The below questions are specifically related to applying, filing, and renewing a court bond. If you are unsure what a court bond is, please read our post “What is a Court Bond and How to get One” post, or check out our Court Bond Guide.
Applying for a Court Bond
Q: How long does it generally take to get a court bond?
A: The length of time to get a court bond varies depending on the type and complexity of the bond. Once the surety company receives a completed application and supporting court documents, they can work on getting a quote for the bond.
Once payment is received for the bond, the surety company can generally issue the bond that same day.
Q: Why did the surety ask for a co-signer on my court bond?
A: By having a qualified co-signer, the surety company feels more comfortable that it will be reimbursed if they pay out on a bond claim. Asking for a co-signer is just an added level of protection for the surety. The surety might ask for a co-signer if they feel they need this added protection.
Q: What risk does the co-signer for my court bond have?
A: The co-signer takes on the financial risk of the bond just like you do. This means that if you do not follow through on your obligations and the surety pays out on a bond claim, they are going to turn to the principal and the co-signer for reimbursement.
Purchasing your Court Bond
Q: Why does my credit tie into my court bond cost?
A: To show that you can manage the role, you need to have a credit check. While there are many ways of showing that you are a good and responsible person, the credit report is a way for the surety company to look at past records of your behavior and ensure that you will manage another person's finances appropriately.
Q: When is collateral required?
A: Collateral is almost always required with Judicial Bonds. By nature, Judicial Bonds are more hazardous than Fiduciary Bonds, so they often require collateral in the amount of the bond. This collateral is in addition to the bond premium.
Q: Why do I have to pay for the entire bond premium upfront?
A: When you become a fiduciary there is a process that you need to follow. You must pay the bond premium up front in order to take on your duties. Until that time, you cannot manage the affairs of the estate or act on another individual's behalf.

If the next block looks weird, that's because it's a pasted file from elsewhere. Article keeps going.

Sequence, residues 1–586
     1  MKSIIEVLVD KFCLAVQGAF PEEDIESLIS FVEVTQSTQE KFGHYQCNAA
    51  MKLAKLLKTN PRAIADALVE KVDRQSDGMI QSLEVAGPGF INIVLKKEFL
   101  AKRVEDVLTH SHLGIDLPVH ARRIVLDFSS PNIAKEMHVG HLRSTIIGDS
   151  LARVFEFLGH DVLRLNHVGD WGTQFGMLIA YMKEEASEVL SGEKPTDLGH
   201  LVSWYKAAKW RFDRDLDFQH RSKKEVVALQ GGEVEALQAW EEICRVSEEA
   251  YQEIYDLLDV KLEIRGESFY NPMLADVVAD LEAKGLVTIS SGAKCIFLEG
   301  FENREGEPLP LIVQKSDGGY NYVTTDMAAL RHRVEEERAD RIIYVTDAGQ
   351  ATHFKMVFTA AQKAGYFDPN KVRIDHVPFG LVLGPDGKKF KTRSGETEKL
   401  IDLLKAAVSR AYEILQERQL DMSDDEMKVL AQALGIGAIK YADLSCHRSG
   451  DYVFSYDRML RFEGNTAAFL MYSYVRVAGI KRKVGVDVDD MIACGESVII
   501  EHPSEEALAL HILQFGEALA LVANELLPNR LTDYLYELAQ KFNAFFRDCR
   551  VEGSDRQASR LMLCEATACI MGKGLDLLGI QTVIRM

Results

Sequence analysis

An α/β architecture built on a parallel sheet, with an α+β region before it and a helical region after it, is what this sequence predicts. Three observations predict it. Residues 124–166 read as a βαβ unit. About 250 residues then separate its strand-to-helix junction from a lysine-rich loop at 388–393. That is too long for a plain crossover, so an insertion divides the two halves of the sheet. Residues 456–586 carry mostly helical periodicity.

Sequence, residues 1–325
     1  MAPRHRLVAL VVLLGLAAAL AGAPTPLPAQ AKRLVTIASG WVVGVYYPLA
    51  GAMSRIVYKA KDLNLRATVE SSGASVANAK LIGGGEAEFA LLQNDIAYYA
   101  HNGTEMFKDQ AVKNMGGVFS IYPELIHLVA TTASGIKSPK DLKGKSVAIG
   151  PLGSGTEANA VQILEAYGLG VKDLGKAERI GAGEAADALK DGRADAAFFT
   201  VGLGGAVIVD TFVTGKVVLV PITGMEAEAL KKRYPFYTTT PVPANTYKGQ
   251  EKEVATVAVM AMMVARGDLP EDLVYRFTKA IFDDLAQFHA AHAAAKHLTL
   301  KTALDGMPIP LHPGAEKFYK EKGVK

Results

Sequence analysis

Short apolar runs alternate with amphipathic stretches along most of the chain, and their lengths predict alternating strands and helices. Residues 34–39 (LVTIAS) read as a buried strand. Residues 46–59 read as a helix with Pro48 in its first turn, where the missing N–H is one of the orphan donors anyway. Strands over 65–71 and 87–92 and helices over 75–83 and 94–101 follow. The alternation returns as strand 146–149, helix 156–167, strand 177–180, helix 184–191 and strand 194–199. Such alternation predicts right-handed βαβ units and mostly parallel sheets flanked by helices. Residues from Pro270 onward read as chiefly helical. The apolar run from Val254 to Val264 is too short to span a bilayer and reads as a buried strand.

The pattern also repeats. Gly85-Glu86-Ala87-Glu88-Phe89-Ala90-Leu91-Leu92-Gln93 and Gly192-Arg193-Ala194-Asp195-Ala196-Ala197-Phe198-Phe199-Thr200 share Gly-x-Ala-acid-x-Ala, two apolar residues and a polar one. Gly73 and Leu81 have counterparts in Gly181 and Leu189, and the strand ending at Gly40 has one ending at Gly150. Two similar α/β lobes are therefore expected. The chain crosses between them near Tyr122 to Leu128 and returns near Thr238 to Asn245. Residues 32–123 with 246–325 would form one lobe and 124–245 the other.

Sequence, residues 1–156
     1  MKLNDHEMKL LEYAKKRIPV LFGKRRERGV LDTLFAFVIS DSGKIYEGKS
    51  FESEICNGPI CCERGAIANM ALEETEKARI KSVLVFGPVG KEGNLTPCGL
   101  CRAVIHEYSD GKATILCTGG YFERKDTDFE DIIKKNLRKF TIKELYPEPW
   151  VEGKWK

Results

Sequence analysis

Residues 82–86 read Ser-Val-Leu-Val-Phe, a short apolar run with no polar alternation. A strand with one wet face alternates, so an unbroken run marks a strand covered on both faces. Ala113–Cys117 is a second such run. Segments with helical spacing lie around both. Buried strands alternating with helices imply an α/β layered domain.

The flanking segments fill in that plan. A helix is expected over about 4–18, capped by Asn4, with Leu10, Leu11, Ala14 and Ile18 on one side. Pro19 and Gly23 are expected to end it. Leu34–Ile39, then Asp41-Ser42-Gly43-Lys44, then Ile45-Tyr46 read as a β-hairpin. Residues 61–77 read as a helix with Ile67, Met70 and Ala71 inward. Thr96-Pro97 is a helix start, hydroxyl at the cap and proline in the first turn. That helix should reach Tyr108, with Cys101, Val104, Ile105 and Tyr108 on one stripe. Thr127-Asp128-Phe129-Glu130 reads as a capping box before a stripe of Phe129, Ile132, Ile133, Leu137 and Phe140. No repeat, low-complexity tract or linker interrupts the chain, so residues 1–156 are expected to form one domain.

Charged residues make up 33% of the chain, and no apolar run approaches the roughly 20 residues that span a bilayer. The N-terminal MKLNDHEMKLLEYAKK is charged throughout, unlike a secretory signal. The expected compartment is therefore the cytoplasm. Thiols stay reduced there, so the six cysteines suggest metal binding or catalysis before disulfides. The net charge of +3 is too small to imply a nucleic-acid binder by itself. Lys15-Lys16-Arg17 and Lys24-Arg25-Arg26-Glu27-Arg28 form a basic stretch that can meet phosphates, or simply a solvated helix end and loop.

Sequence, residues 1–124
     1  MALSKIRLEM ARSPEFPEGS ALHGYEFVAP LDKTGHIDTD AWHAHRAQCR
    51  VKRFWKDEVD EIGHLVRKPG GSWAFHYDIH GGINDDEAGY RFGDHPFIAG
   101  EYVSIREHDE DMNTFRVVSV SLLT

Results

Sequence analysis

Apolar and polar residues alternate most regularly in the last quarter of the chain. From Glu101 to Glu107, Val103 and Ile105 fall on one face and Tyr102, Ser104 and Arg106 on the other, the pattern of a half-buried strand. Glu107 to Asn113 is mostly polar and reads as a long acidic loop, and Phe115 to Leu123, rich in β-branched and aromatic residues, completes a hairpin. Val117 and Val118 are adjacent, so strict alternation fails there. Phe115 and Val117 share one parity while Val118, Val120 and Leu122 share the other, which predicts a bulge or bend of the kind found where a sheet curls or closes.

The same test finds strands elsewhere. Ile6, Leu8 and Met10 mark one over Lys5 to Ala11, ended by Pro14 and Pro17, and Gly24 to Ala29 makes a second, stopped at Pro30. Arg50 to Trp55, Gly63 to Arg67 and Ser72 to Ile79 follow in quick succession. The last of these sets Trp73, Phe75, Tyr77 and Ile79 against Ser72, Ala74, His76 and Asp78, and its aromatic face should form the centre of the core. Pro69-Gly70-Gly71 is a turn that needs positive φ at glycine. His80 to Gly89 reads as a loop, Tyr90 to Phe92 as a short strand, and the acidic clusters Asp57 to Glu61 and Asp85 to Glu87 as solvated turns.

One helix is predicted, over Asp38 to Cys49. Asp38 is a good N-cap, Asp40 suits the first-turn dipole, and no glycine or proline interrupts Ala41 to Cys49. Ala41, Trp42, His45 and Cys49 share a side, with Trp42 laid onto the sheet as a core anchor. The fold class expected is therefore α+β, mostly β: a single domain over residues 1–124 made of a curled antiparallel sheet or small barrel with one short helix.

In some instances, individuals can be reimbursed for the bond premium out of the estate funds.
Q: If the estate value increases/decrease, do I need to increase/decrease my court bond?
A: If the size of an estate changes, you may be able to change the bond amount as well. This will involve contacting the court to evaluate the current condition of the estate. You will need to have the estate appraised by an independent third party.
If the change is small, it may not be worth pursuing. However, if your bond is up for renewal and the value of the estate has changed substantially, you may be able to reduce/increase the court bond.
Changing your bond amount will most likely result in a change in your bond premium.
Filing Your Court Bond
Q: What do I do with my court bond now that I have it?
A: Once you receive your court bond from the surety company, you will need to file it with the obligee. Most times, this is the court requesting the bond. You must file your bond with the obligee; the surety company will not file your bond for you.
Q: Do I have to file my original bond with the court?
A: Yes. Most courts require you to file the original bond with the wet seal and wet signature. Copies of the bond should be for your record only.
Claims on your Court Bond
Q: How does a claim on a court bond work?
A: You can learn about what happens if a claim is made on your bond.
Renewing your Court Bond
Q: When does the liability associated with my court bond end?
A: The liability associated with your court bond ends when the bond is exonerated, meaning when the court determines there is no longer a need for the bond.
Q: Does my court bond renew?
A: Yes, court bonds renew until the presiding court exonerates the bond. Exonerate means to “properly discharge” the bond.
Q: Why do insurance companies not like to replace existing court bonds?
A: Insurance companies don't like to replace existing court bonds due to the liability. They don't know how the previous person handled the estate. The insurance company doesn't want to be liable for someone else's decisions.